The Mayor of New York City Bill de Blasio will march for the first time in his city’s St Patrick’s Day parade.
The move comes as the parade, the largest in the US, dropped its ban on LGBT groups from marching.
Speaking to the Associated Press on Wednesday, de Blasio said he would march in the parade on 17 March.
“The St. Patrick’s Day Parade is a New York City tradition, but for years Irish LGBT New Yorkers could not show their pride,” de Blasio said to the Associated Press.
“Finally, they can celebrate their heritage by marching in a parade that now represents progress and equality.”
Due to the anti-gay policy, Bill de Blasio has shunned the parade every year since his election in 2014 – and the event has also faced a large commercial boycott and protests over the exclusion of LGBT groups.
However, the policy has been slowly phased out – with sponsor-affiliated LGBT group Out@NBCUniversal permitted to march in 2015 without any Pride flags as a ‘middle-ground’ compromise.
In 2016, however, Irish LGBT group the Lavender and Green Alliance will finally march under their own banner for their first time – likely marking a definitive end of the outright ban.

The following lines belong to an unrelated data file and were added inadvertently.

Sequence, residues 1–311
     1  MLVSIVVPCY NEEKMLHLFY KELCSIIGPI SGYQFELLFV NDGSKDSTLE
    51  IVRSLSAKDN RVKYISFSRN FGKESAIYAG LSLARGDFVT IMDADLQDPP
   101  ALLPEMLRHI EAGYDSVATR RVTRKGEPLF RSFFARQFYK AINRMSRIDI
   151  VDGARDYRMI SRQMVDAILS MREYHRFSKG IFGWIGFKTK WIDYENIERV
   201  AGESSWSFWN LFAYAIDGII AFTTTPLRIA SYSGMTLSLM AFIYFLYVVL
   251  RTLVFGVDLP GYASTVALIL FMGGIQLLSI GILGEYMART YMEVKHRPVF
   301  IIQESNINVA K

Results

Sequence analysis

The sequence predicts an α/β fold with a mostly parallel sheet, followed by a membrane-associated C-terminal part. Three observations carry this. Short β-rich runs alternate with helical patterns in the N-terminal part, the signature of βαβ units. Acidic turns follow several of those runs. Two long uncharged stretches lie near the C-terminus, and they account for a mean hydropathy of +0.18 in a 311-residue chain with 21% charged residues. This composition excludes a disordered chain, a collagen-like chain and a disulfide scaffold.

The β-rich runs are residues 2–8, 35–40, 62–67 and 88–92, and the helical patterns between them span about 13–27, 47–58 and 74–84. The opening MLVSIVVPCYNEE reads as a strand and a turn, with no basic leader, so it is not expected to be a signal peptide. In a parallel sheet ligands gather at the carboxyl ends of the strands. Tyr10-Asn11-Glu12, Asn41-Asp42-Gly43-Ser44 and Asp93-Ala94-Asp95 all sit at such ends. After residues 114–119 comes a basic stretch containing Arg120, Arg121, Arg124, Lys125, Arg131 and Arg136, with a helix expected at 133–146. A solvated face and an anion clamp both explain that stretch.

Following the news that an LGBT contingency will be permitted, Mayor de Blasio has reportedly confirmed he will march in the parade next month, shoulder-to-shoulder with the LGBT marchers.
According to Irish Central, the Mayor “will likely march up Fifth Avenue twice on March 17” – once at the front of the parade, likely alongside the police department, before doubling back to march again with the Lavender and Green Alliance.
The New York City Council has also apparently ended its boycott of the event following the removal of the anti-LGBT policy, with a large contingent expected to march under the city’s banner for the first time since 2013.